During the pilot study, it produced no false negatives, fewer false positive, and fewer inconclusive results. The disease is nearly always fatal once clinical signs of infection appear and supportive treatment is the only option.
Currently, the "gold standard" for confirming rabies infection in animals is a direct fluorescent antibody (DFA) assay that, the CDC noted, requires "laboratory workers with special skills, extensive training, and a specific type of microscope".
"If we can eliminate the fear for people and get information as quickly as possible, thats really the end all, be all", Cheryl Gross from the Central Animal Hospital said. Currently, testing facilities in many countries in Africa and Asia most affected by rabies are not able to easily rule out the disease in animals that have bitten someone.
In a press release announcing the results, the CDC said availability of such a test could transform how suspected rabies exposure in humans is treated, both in the USA and around the world.
In the recent study, staff at 14 labs worldwide assessed almost 3,000 animal brain samples from the Americas, Europe, Africa, and Asia, of which more than 1,000 were known to be infected with rabies virus.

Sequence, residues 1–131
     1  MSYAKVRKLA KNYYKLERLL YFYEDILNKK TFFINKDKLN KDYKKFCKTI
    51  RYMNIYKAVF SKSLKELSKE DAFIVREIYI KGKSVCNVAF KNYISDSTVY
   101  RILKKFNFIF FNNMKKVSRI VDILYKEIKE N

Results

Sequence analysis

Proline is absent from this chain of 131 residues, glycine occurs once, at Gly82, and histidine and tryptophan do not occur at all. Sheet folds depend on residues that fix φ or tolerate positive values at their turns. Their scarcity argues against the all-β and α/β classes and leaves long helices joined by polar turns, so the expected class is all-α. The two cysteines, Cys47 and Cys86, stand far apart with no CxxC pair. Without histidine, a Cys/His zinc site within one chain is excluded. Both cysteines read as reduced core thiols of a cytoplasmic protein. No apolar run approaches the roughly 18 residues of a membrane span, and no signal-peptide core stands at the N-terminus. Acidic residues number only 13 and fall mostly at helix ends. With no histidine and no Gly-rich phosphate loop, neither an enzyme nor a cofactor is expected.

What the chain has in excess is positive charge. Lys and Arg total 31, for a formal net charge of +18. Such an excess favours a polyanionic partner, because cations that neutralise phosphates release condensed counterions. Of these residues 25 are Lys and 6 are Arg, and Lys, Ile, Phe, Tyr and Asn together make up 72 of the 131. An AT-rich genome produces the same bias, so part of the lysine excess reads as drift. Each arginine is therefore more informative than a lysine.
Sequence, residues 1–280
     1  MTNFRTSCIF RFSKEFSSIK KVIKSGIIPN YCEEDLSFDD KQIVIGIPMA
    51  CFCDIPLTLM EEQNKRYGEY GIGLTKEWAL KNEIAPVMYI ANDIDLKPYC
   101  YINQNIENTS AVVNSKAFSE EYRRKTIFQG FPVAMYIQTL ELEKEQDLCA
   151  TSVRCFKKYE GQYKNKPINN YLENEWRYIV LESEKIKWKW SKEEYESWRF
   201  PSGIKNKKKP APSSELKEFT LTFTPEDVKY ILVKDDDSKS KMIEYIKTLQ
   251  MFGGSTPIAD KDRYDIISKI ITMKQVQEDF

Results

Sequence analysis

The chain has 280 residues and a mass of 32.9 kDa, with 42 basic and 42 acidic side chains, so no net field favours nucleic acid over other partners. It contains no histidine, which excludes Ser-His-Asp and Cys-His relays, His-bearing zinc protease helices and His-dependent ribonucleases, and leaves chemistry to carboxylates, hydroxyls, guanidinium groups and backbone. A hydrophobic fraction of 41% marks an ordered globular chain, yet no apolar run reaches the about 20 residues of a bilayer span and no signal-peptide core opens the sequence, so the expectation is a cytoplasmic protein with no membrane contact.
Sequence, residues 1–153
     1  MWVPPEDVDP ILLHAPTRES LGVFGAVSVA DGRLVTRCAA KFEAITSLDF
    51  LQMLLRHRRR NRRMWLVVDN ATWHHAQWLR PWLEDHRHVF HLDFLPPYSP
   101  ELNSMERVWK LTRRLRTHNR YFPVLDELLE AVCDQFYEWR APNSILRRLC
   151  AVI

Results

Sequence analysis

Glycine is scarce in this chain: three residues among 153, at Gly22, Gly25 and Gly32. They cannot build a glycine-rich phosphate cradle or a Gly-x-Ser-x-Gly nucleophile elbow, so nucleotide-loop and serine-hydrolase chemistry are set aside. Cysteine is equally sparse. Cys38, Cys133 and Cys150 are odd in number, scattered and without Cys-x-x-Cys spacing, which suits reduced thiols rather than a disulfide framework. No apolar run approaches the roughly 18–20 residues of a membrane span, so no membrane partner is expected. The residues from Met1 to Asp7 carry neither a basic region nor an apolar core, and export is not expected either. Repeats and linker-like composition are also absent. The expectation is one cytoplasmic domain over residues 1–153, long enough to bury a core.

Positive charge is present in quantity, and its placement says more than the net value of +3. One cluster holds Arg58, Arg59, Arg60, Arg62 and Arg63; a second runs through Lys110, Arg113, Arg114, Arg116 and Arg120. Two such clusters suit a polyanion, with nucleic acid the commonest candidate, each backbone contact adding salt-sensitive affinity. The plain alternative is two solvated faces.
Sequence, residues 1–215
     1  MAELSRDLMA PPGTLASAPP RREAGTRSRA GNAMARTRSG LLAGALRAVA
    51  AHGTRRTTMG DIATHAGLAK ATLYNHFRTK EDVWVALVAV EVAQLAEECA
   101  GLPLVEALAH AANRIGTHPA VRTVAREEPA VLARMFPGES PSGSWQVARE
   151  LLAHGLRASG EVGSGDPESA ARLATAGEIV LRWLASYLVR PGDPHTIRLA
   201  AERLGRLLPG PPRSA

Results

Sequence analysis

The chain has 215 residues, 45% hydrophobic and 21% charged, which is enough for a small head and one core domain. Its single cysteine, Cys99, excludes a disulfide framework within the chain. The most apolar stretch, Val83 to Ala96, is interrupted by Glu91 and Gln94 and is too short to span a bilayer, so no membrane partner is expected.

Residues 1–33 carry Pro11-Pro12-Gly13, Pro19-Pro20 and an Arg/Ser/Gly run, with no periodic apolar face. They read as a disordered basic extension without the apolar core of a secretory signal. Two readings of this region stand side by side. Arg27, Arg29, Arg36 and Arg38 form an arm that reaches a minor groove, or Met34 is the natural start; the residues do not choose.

LN34 correctly identified all DFA-positive samples as positive.
In addition, it produced definitive findings for 80 samples which were inconclusive or untestable by the DFA test - and 29 of those were positive for rabies.
All samples testing positive with DFA were also positive with LN34, according to the CDC press release, which did not indicate the false-positive rate (those data were to be in a PLOS One paper to be released later Wednesday) but said it was lower than with DFA. Only one sample was indeterminate using both tests. Most commonly spread through the bite of an infected animal, according to the CDC, the rabies virus can also spread through scratches, abrasions, open wounds, or mucous membranes contaminated with saliva or other potentially infectious material (such as brain tissue) from a rabid animal.
Most mammals can contract rabies, with bats a known vector or carrier of the disease - although the illness has been eliminted in the UK. Having a quick, easy-to-run and accurate test to tell if an animal that bit someone is rabid could help doctors decide whether someone needs preventive treatment. This study is the largest ever to validate usage of this type of test (a real-time RT-PCR) to diagnose rabies in animals.
The test, done on suspect animals, can be run on platforms already widely used to screen for the flu, tuberculosis and HIV. The individual cost of the rabies vaccine for humans in the United States is over $3000. Experts estimate that rabies testing, prevention, and control cost $245 to $510 million annually in the United States.
The United States may also benefit from testing advantages offered by the LN34.